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Parkinson’s Disease
Volume 2012 (2012), Article ID 873706, 9 pages
Review Article

Parkinson's Disease and Mesenchymal Stem Cells: Potential for Cell-Based Therapy

Department of Stem Cell Biology and Histology, Tohoku University Graduate School of Medicine, Sendai 980-8575, Japan

Received 3 September 2011; Accepted 14 November 2011

Academic Editor: Lachlan Thompson

Copyright © 2012 Masaaki Kitada and Mari Dezawa. This is an open access article distributed under the Creative Commons Attribution License, which permits unrestricted use, distribution, and reproduction in any medium, provided the original work is properly cited.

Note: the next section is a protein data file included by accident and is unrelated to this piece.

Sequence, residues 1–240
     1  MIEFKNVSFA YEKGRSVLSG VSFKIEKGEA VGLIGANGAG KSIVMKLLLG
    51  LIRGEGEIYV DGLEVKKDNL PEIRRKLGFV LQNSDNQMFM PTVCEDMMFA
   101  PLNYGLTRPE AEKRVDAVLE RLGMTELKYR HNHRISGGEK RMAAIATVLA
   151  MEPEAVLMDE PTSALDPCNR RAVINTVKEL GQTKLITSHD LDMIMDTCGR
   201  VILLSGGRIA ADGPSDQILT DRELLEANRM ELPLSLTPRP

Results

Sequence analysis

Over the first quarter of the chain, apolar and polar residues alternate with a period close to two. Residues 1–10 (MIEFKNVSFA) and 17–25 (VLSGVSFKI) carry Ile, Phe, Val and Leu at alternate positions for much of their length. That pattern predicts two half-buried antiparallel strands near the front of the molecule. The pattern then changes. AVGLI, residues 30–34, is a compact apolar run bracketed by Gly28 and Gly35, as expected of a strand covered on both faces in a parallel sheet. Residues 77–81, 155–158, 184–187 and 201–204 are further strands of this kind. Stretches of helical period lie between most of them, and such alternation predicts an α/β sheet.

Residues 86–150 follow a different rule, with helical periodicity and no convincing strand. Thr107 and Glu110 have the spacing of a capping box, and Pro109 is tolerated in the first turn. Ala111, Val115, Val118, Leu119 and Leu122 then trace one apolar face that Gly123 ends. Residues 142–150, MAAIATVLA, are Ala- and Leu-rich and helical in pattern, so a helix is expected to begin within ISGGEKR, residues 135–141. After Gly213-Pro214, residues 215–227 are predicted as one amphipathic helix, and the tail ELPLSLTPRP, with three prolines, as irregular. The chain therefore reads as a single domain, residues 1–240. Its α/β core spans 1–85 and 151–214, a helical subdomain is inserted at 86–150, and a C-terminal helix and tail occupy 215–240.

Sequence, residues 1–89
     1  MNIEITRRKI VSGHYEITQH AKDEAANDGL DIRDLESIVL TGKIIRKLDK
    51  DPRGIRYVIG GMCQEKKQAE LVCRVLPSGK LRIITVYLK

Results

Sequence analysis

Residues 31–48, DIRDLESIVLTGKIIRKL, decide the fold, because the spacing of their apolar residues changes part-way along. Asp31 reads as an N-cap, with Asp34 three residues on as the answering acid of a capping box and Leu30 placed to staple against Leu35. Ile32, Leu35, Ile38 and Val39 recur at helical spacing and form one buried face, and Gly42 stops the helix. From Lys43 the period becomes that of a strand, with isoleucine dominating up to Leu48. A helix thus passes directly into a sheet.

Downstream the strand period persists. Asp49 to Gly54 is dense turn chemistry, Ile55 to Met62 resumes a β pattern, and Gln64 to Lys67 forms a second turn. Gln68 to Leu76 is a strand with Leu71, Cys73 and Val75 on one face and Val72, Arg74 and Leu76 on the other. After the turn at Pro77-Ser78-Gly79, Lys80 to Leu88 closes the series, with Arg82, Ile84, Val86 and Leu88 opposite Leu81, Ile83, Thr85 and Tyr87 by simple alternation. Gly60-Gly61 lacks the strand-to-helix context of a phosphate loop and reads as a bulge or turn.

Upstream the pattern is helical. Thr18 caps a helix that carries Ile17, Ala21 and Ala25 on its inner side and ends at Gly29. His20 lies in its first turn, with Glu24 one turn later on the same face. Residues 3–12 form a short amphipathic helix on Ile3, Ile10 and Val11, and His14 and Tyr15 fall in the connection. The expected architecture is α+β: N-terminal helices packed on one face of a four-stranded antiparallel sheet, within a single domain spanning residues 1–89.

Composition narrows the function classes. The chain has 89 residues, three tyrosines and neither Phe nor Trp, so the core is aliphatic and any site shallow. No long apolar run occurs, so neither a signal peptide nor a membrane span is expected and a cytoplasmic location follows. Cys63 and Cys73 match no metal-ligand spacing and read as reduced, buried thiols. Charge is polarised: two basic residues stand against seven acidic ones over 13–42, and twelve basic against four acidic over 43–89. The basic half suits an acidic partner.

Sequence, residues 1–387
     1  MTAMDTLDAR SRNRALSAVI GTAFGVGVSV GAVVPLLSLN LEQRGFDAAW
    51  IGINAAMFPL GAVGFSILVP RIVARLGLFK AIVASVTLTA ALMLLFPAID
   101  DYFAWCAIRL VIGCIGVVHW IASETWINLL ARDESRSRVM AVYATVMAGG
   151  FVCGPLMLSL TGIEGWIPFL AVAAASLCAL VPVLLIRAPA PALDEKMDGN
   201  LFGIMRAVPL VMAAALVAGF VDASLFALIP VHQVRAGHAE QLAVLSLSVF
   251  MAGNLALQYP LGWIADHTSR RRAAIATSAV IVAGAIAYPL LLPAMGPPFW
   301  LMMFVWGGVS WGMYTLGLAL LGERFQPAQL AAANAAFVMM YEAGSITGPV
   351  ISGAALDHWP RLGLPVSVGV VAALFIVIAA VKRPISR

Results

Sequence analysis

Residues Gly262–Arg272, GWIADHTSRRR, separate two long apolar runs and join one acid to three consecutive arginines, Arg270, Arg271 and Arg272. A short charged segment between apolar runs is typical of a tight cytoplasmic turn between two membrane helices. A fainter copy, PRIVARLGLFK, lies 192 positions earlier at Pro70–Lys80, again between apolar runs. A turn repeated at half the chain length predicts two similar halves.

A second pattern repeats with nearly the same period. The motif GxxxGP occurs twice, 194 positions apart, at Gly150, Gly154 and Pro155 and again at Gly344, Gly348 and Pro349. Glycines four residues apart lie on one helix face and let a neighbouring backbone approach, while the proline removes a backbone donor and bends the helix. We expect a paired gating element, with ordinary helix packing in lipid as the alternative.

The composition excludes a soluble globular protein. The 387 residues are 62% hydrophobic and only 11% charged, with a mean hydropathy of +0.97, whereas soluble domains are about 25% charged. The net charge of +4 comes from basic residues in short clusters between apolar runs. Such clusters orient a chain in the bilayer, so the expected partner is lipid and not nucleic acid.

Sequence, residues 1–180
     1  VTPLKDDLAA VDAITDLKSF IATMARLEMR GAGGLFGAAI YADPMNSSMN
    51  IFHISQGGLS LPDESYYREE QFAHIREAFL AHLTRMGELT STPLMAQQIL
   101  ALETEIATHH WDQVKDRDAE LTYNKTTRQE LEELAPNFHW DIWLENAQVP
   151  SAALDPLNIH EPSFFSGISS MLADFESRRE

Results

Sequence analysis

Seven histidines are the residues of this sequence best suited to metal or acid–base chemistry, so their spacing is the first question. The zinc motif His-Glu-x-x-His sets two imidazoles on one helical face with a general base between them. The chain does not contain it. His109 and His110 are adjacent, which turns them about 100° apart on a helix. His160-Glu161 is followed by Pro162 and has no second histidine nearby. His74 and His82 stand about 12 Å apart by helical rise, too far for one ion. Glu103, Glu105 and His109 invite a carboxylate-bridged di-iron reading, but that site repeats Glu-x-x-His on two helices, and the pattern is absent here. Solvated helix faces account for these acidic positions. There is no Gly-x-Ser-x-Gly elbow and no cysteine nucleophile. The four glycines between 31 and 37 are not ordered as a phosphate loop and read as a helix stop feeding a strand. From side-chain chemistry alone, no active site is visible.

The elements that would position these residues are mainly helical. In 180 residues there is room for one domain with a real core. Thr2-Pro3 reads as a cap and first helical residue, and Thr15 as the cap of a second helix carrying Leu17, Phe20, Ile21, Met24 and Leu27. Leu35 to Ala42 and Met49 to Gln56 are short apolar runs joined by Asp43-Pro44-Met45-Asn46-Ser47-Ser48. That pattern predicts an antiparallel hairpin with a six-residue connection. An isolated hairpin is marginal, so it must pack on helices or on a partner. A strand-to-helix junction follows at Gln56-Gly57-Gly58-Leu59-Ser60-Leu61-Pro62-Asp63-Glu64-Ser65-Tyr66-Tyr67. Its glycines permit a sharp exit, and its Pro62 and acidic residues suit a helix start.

Cell transplantation is a strategy with great potential for the treatment of Parkinson's disease, and many types of stem cells, including neural stem cells and embryonic stem cells, are considered candidates for transplantation therapy. Mesenchymal stem cells are a great therapeutic cell source because they are easy accessible and can be expanded from patients or donor mesenchymal tissues without posing serious ethical and technical problems. They have trophic effects for protecting damaged tissues as well as differentiation ability to generate a broad spectrum of cells, including dopamine neurons, which contribute to the replenishment of lost cells in Parkinson's disease. This paper focuses mainly on the potential of mesenchymal stem cells as a therapeutic cell source and discusses their potential clinical application in Parkinson's disease.